New Food and Beverage Packaging Packs a Promotional Punch

Promotional campaigns are about getting noticed and engaging consumers; packaging is just the thing to make that happen.

By Kate Bertrand Connolly, Packaging Editor

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Tanimura & Antle uses its packaging for conventional limited-time promotions, as well. This summer, for instance, the company is promoting its Summer Fun Sweepstakes with colorful graphics on rigid plastic packs of Artisan Lettuce varieties. Although the packs don't include a QR code, they do provide the address of the Artisan Lettuce web site (www.artisanlettuce.com) and the corporate web site plus the Facebook logo.

Dew cans flash the bat signal
PepsiCo (www.pepsico.com), Purchase, N.Y., is leveraging both digital technology and an advanced package-printing technique in its "Dark Knight" promotion for Mountain Dew. The promotion leverages "The Dark Knight Rises," a Batman movie scheduled to open on July 20.

At the promotional website (DEWGothamCity.com), Mountain Dew fans can access exclusive content, including sneak peeks of the film. While there, they also can enter product codes found on 20-oz. and 2-liter Mountain Dew bottles, multipacks and fountain cups to earn points redeemable for "Dark Knight" products and to enter a sweepstakes.

In addition, PepsiCo created an eye-grabbing, limited-time package for 16-oz. cans of Mountain Dew. The bat signal is printed on the cans with thermochromic ink; the bat shape changes from silver to "Dew green" when the cans are chilled.

"One thing that Mountain Dew and ‘The Dark Knight' franchise have in common is passionate fans," says Zach Harris, senior marketing manager, Mountain Dew. "And our partnership with ‘The Dark Knight Rises' is all about bringing those fans experiences that only Dew and the Dark Knight together can deliver.

"One very tangible example of that is the way we are bringing the iconic Batman imagery to life by using thermochromic technology on special 16-oz. cans of Mountain Dew," he continues. "We think the interactive experience of having the can transform as it chills will drive excitement for the promotion and for the film. It's also something that fans can take home and share with friends."

The promotion includes a limited-time flavor called Mountain Dew Dark Berry, point-of-purchase and traditional media advertising and what Harris calls "retailtainment displays."

Decoding the mystery flavor
The Doritos brand has staged several clever, limited-time promotions both in the U.S. and abroad in recent years, using packaging as an integral component.

In the United Kingdom, PepsiCo UK used packaging for Doritos iD3, a mystery flavor, to draw consumers into an ambitious multimedia promotion. The Doritos brand is owned by Plano, Texas-based Frito-Lay North America (www.fritolay.com), a PepsiCo business unit.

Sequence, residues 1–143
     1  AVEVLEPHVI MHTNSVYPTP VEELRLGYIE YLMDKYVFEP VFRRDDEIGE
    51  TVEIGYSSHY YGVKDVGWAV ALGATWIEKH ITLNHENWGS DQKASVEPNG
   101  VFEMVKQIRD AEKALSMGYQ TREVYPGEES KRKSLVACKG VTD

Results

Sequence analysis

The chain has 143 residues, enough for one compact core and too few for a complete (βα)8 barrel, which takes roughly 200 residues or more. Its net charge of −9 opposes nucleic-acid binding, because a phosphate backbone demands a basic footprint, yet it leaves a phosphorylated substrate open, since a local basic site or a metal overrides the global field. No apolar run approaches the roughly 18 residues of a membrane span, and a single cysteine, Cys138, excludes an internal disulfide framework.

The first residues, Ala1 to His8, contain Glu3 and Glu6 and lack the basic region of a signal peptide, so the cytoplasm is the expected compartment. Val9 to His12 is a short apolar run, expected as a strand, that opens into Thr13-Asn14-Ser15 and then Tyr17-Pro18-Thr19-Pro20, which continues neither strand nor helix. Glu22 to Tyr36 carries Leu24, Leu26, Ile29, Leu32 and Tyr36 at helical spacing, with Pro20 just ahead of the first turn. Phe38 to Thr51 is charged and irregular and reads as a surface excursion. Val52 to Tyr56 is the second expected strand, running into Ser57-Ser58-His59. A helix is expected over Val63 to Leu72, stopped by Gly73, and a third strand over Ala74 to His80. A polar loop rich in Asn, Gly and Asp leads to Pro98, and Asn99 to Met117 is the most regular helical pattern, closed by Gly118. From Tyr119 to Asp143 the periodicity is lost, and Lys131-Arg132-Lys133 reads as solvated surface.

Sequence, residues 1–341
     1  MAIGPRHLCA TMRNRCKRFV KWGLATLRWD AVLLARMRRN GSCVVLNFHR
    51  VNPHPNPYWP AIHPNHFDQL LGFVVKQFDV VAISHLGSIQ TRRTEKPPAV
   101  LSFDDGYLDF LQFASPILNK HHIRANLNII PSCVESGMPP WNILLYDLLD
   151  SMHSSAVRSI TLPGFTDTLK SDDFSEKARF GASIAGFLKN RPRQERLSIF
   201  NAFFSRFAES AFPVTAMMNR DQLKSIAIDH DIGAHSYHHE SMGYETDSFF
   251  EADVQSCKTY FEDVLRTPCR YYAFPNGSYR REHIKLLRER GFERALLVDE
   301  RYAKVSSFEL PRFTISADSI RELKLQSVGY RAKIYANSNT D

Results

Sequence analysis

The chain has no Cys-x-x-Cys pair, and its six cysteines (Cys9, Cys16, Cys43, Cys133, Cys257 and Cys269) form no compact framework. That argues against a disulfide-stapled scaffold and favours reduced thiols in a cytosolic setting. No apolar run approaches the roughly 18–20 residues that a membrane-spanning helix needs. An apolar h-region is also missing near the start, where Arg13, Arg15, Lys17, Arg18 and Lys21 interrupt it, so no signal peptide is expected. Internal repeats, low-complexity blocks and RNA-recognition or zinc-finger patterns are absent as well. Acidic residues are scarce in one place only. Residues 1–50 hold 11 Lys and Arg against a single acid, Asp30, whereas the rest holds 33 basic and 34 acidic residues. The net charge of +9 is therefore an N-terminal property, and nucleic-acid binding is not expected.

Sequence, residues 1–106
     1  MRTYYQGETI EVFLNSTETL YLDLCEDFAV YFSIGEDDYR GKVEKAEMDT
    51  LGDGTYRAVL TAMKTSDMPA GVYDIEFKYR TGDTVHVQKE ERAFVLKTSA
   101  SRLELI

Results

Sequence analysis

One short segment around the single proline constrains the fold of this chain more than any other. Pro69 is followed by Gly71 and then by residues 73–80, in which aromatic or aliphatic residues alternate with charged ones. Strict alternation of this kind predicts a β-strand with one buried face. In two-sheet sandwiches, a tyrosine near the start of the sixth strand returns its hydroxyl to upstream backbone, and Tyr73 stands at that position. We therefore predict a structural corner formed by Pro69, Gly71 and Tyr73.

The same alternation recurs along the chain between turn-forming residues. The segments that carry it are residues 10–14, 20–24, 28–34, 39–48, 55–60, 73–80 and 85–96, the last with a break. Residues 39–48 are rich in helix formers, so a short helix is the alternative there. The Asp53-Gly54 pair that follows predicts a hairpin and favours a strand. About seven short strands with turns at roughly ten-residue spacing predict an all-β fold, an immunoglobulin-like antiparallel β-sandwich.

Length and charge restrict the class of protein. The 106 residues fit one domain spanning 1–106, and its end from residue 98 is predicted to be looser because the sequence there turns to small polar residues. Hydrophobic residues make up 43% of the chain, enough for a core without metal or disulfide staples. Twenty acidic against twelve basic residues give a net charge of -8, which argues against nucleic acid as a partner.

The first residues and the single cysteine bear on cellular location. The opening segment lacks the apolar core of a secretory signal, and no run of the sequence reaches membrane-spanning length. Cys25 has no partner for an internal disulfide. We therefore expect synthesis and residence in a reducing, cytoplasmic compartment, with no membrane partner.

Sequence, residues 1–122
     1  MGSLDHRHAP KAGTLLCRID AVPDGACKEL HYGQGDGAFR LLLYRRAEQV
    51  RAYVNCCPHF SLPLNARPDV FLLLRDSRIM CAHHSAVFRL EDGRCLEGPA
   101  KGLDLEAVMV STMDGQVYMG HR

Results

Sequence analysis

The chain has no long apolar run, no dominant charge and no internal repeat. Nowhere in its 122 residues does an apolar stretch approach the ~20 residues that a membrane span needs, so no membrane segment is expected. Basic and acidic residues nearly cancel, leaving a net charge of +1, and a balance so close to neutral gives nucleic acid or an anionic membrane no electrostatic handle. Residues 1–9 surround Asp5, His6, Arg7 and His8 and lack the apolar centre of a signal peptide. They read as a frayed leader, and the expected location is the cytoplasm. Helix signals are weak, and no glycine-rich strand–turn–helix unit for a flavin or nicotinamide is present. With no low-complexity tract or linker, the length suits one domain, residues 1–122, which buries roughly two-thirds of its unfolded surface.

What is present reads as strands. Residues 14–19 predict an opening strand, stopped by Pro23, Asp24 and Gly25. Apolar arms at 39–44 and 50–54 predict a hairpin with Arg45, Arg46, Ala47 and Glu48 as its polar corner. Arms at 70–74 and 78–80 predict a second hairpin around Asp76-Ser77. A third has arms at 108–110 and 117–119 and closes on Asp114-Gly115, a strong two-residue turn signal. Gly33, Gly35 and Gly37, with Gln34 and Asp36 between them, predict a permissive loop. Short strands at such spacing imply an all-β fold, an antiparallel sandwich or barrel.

Doritos iD3 mystery flavor

The "Doritos iD3 Mystery Flavour Promotion" package was a black bag printed with text and graphics evoking the iD3 adventure theme. To participate in the promotion's self-directed online adventure game, consumers needed a secret code printed on the inside of the bag's back seam.

By entering their 10-digit code at the promotional mini-site, consumers could engage in three episodes of the iD3 adventure, identifying the mystery flavor along the way. The names of those who correctly identified the mystery flavor (which turned out to be Chicken Balti) were entered in a drawing for £20,000. In addition, 310 prizes were awarded during the course of the promotion; these included mobile phones and Xbox 360 consoles.

Although the limited-time, black-and-red Doritos iD3 bag was designed specifically for the promotion, it also provided strong brand support. "You can still be brand building," even with promotional packaging, says Simon Thorneycroft, founder and chief creative officer of the firm that designed the Doritos iD3 package, Perspective:Branding (www.perspectivebranding.com), Emeryville, Calif.

At the same time, "there's no point in doing polite promotional packaging," Thorneycroft adds. "If you're going to say something, then say it, and make it arresting and make it stand out."

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  • I am totally agreed with all your concepts and ideas. In my opinion, packaging must be done in a way that it may not harm the environment and must be prepared at a very low cost. Regards, http://www.colad.com/

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